Elon Musk took to Twitter to respond to the recent news of a Tesla crashing into a parked car in California. The CEO shared a link to a search for “automotive deaths per year worldwide” while captioning it, “Just for perspective”. When the link is clicked, a page opens that states “According to the World Health Organization, road traffic injuries caused an estimated 1.25 million deaths worldwide in the year 2010. That is, one person, is killed every 25 seconds.”
Just for perspective https://t.co/ZfMR1aOinY
— Elon Musk (@elonmusk) May 31, 2018
Other links include one from Allianz which states that traffic accidents are the number one cause of worldwide deaths among youth and a World Economic Forum link with the countries having most and least traffic deaths. The overall message seems to be that traffic accidents have been happening before the introduction of Tesla’s Autopilot software. This message is in accordance with Musk’s previous statements. While discussing the first Autopilot crash in Utah, Musk said, “it’s super messed up that a Tesla crash resulting in a broken ankle is front page news and the ~40,000 people who died in US auto accidents alone in past year get almost no coverage.”
Mostly his followers seem to agree with him. Some posted stories of accidents which they said could have been avoided if a Tesla was there. While other complained that media is using its tactics. Twitter users also called the media “witch hunters” and requested that they should stop attacking Musk and Tesla. People seemed to be convinced that Autopilot can save lives.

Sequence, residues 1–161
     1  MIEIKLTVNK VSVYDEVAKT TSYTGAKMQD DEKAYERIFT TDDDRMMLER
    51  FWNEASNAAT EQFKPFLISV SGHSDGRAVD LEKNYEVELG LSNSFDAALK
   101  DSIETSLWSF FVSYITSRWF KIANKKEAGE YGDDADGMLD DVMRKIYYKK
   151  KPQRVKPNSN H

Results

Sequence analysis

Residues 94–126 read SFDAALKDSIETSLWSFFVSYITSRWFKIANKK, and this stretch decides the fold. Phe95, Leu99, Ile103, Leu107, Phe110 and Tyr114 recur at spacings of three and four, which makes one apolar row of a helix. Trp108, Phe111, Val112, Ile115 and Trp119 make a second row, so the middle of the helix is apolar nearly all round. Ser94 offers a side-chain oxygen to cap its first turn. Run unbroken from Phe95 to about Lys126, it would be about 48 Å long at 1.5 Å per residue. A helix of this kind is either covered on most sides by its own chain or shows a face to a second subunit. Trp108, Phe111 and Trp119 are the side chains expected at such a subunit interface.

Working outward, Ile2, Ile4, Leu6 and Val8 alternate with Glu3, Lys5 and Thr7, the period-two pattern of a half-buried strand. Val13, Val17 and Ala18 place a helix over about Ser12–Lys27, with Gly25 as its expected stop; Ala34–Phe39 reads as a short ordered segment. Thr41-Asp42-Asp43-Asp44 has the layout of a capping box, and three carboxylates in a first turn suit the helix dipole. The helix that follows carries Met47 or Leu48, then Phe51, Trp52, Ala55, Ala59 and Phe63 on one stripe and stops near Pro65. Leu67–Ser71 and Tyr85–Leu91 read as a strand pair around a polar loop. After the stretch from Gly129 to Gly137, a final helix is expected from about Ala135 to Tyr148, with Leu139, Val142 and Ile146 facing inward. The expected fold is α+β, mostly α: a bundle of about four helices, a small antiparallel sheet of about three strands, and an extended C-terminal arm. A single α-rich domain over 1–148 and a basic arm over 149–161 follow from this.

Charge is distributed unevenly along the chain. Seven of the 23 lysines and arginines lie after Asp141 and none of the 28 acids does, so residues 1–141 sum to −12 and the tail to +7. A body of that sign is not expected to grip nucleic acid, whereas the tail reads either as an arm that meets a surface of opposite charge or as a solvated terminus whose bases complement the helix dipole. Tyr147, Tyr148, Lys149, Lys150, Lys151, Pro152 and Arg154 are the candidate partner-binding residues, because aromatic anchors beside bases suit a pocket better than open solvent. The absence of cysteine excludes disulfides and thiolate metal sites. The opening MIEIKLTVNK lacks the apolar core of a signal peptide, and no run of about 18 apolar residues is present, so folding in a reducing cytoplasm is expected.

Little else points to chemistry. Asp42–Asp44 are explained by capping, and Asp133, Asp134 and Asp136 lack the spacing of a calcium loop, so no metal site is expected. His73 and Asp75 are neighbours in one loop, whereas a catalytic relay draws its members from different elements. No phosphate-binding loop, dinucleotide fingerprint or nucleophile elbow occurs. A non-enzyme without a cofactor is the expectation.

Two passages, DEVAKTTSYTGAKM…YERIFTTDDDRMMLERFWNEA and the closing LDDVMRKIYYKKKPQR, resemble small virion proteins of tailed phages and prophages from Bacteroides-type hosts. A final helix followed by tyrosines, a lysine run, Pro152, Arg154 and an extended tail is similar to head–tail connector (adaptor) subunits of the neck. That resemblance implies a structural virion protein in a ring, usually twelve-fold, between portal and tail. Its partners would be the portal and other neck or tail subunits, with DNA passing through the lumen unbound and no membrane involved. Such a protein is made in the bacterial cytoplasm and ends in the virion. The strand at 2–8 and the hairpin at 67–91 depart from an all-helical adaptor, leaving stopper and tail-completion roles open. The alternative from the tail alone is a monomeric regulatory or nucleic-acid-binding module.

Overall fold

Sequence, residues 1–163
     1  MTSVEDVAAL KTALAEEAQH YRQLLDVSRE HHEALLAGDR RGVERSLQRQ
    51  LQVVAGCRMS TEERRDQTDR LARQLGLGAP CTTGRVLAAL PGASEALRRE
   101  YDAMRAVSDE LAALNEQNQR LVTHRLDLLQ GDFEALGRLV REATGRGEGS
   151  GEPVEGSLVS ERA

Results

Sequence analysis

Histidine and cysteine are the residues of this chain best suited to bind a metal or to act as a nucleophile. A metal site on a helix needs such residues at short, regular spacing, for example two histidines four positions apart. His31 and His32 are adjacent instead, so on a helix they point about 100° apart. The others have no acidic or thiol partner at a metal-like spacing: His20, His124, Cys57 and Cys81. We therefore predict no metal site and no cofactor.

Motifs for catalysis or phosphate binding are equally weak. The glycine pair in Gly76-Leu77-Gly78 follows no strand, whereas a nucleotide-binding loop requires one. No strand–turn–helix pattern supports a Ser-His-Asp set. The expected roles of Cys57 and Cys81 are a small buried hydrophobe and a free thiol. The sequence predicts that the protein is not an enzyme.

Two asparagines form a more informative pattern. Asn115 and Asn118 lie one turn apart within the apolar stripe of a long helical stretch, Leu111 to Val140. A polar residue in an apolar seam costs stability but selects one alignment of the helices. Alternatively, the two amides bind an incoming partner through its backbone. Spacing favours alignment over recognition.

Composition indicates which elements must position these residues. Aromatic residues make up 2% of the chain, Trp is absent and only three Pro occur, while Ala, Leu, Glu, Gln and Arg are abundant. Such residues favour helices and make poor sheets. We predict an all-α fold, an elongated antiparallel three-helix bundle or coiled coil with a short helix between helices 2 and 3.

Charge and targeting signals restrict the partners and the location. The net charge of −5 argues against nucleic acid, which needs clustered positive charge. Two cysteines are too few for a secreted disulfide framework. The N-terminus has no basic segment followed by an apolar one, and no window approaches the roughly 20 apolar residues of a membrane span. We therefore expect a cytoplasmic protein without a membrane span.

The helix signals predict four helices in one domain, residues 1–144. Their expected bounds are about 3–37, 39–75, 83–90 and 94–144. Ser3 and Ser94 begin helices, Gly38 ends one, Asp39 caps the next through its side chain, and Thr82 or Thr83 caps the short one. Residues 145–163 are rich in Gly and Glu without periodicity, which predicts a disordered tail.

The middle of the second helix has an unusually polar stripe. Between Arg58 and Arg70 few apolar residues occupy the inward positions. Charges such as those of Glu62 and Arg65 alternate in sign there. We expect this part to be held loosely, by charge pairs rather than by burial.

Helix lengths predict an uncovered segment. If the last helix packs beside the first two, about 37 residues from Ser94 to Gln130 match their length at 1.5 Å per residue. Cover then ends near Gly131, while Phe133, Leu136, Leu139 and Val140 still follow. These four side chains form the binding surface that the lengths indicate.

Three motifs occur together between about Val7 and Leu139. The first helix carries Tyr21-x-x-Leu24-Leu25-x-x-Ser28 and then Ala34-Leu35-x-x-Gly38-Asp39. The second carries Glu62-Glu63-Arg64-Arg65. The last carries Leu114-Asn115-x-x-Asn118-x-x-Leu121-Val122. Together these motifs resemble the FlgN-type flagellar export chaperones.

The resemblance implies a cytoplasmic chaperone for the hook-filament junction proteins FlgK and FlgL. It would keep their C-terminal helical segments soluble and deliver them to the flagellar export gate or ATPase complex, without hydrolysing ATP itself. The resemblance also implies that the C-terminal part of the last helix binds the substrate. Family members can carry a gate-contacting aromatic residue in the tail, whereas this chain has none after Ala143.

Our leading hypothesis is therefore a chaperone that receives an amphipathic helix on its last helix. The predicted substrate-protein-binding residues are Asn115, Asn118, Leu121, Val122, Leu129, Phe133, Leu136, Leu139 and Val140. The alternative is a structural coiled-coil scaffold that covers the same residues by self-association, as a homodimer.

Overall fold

People need to see this perspective; how many lives has Tesla’s autopilot saved because it’s detected an imminent crash and moved to avoid it? It’s a hell of a lot more than the number of people who have died in a Tesla. The media needs to stop attacking @elonmusk
— Rhys *201 Days* (@RhysBoyce) May 31, 2018
In no universe could I ever afford a Tesla, but if I could it's the first car that comes to mind that I would buy and I am not even a car dude. The media are modern day witch hunters.
— Paul Melia (@PaulMeliamusic) May 31, 2018
Had this conversation with my dad when he sent me this. We were in a small accident when i was a kid, for sure a Tesla would have prevented it
— Joshua J B Saunders (@jjbsaunders) May 31, 2018
What you are saying is based on thin air. You can debate on the pros and cons of self driving, but your comment is biased by the will to protect a product.
Incidents are normal, but a proper study shall be made to discuss if taking it out of the market till later coule be good
— kristiano (@PriftiKristiano) May 31, 2018
Some people were on the other side of the argument as well. They said that it will be better if the autopilot cars are kept off the roads until more research is done on them. However, the overall response seemed to be in the favor of Musk. Two US rights groups sent a letter to the Federal Trade Commission demanding that they investigate Tesla over the marketing of their Autopilot software. The groups said that the name “Autopilot” is deceptive and misleading. Center for Auto Safety and Consumer Watchdog said in the letter, “The marketing and advertising practices of Tesla, combined with Elon Musk’s public statements, have made it reasonable for Tesla owners to believe, and act on that belief, that a Tesla with Autopilot is an autonomous vehicle capable of ‘self-driving.”